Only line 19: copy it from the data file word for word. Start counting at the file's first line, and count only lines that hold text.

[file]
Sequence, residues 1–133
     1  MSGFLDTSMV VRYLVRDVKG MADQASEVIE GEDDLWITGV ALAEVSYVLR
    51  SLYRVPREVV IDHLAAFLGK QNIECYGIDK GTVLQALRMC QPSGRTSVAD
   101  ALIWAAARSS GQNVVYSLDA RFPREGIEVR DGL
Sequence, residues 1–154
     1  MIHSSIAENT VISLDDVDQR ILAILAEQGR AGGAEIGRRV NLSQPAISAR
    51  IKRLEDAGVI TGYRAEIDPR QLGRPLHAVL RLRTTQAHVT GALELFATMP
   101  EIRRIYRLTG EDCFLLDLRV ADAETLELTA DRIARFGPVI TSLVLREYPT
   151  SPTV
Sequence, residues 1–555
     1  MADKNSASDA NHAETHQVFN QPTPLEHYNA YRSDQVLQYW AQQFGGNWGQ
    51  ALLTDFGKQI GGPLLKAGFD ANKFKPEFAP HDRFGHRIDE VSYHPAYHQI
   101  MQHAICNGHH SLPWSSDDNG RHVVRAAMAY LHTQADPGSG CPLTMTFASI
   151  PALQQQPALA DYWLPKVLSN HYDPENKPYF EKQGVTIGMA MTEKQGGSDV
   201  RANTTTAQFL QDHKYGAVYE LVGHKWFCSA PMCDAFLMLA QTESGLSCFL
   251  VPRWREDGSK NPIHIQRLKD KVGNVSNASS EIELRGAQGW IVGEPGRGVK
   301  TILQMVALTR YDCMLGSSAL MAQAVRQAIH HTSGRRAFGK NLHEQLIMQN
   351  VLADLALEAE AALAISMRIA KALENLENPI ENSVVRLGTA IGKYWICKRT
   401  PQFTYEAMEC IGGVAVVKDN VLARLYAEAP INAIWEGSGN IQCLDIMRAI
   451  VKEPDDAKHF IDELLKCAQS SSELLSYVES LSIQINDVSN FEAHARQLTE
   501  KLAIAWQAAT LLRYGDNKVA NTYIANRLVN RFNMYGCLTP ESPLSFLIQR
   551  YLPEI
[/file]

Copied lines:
   401  PQFTYEAMEC IGGVAVVKDN VLARLYAEAP INAIWEGSGN IQCLDIMRAI